And, by certain measures, D12 is also objectively the biggest tool in the league. His official bio with the Magic used to read “his muscular physique resembles a 6'11″ bronze statue of Apollo.” At the end of the pre-game Houston player intros, the Rockets players (doubtlessly under some inhumane contractual obligation) form a circle around this Skittle-fueled manchild while he does a 'funny' dance to whatever terrible techno music is playing that night. His line readings on the currently-airing NBA Green commercials (“or even… riding your bike!”) are uncannily reminiscent of “Full House”-era Mary-Kate and/or Ashley Olsen.

The Blazers, meanwhile, are from PORTLAND, and, like anyone with any sense at all, I love Portland! I saw a game at Moda Center in February and it was maybe the best in-arena crowd experience I've ever had (shout out to fantasy hoops co-champs and Blazer season ticket holders FKA Jarrett Jack's Booty). The PDX fans have suffered too much between Brandon Roy and Greg Oden, and I want LaMarcus Aldridge to be the anti-Kevin Love and stay in Portland. And they have the terribly-missed Brook Lopez's horribly-maned twin brother Robin! #teamblazers

The first half is full of exactly the kind of high-octane action you'd expect from these two scoring machines, with each team trading big, double-digit runs, and Chandler Parsons is a predictable 'surprise' scoring leader for Houston, all things considered. But James Harden's three to give the Rockets a one-point lead at the end of the half presages a third quarter full of vicious Beard action, allowing Houston to build a 10ish-point margin which they don't relinquish until late in the fourth.

A monster stretch run by Aldridge—the highest scorer of any of the weekend's games, with 46, including a 19-point fourth quarter—and a healthy dose of always-enjoyable hack-a-Howard ritual humiliation—which has Patrick Beverley and the Houston crowd gesturing for *silence* so Howard can 'focus' on his free throws, lol—sends the game into overtime. BTW, Patrick Beverley, skipping with evil glee after baiting Mo Williams into a foul as the Rockets were seemingly pulling away, is another early “indelible image from the playoffs” for me—dude is a demon that I would love to have on my team, or really almost any team that didn't have Dwight Howard.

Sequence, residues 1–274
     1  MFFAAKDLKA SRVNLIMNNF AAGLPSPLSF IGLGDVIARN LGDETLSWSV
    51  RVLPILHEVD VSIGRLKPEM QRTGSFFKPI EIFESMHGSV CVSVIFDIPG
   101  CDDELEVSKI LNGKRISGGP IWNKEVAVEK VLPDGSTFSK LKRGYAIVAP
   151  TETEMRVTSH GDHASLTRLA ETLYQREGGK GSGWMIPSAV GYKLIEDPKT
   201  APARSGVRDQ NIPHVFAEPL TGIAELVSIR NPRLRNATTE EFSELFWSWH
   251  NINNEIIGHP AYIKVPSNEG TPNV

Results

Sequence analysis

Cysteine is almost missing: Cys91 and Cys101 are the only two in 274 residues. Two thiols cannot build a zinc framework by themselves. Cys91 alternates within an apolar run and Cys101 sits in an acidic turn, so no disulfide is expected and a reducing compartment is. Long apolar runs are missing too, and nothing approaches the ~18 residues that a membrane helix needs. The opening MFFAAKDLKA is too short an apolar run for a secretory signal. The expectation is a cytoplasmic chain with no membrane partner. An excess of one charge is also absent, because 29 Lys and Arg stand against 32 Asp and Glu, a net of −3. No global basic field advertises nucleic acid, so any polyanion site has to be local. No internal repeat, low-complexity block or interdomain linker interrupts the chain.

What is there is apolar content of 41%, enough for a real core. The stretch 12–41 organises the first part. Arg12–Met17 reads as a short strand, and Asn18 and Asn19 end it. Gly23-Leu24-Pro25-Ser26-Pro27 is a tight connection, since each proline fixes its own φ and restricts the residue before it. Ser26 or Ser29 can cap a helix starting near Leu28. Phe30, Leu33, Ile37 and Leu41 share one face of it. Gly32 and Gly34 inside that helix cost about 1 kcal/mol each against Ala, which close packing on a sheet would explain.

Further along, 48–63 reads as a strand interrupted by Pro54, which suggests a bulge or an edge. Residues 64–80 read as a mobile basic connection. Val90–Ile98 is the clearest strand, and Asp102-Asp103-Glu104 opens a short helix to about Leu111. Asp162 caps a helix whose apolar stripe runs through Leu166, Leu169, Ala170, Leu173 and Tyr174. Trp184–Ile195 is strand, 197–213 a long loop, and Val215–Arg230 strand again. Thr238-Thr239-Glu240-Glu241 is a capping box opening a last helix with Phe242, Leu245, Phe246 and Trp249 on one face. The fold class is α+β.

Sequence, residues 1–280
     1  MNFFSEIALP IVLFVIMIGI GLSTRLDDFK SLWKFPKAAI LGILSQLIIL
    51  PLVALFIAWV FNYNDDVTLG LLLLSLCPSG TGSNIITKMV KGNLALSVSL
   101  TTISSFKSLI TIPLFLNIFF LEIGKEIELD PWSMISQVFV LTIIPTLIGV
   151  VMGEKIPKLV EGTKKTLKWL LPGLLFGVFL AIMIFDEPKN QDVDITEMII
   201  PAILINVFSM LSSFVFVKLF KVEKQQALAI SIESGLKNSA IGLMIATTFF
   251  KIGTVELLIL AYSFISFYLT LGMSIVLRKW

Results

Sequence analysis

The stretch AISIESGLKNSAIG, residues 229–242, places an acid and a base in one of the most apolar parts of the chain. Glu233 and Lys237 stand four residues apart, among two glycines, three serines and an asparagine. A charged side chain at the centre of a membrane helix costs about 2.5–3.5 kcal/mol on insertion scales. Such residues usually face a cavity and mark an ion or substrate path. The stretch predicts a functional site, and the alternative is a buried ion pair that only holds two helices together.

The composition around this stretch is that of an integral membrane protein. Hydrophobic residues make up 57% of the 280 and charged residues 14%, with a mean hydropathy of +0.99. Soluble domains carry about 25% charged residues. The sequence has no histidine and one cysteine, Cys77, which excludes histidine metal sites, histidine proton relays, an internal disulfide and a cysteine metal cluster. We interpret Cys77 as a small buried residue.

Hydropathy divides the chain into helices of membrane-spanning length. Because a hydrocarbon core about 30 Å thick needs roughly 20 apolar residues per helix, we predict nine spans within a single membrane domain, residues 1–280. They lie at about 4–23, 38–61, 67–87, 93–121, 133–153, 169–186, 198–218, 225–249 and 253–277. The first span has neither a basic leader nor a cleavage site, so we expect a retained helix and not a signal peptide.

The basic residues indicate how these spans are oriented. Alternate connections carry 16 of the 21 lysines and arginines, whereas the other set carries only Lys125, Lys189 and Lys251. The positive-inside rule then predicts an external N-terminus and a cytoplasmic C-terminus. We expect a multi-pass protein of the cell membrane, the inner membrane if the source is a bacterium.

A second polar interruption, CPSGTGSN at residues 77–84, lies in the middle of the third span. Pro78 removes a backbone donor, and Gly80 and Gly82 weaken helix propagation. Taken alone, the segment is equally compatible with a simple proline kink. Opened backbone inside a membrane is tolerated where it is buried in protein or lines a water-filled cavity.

Unfortunately, the gift of extra basketball presented me with another scheduling conflict—not with the last night of Coachella, which I'd already opted out of, but with a 10 PM drag show by Tommy and the Playgirls at Toucan's Tiki Lounge in Palm Springs. After some agony, I opted to check out the show under the assumption that I'd be able to watch the overtime sans spoilers afterwards.

This was a good decision. The drag show was by turns wildly powerful and utterly mystifying to me, which is as it should be for a straight dude, and definitely a more interesting and endurable last show in the desert than, say, a Lana Del Rey/Beck/Arcade Fire triple-header. And, in an Easter miracle, I managed to get home and watch overtime without spoilers!

And holy shit, what an overtime! In a weekend (mostly) full of close games and intense action, this was the wildest finish of all. Foul-outs for RoLo, LMA, and Beverley, six consecutive made free throws by Dwight Howard (ugh), and then, closing things out with Aldridge on the bench, an ice cold clutch performance from Damian Lillard. Like John Wall, it was Dame's first playoff appearance, but unlike Wall the dude absolutely killed it. I, can, not, fucking, believe that the Nets basically traded this guy (in the form of their first round pick) to the Blazers for a couple months of Gerald Wallace.

APRIL 21: Memphis vs Oklahoma City and Los Angeles vs Golden State, Game 2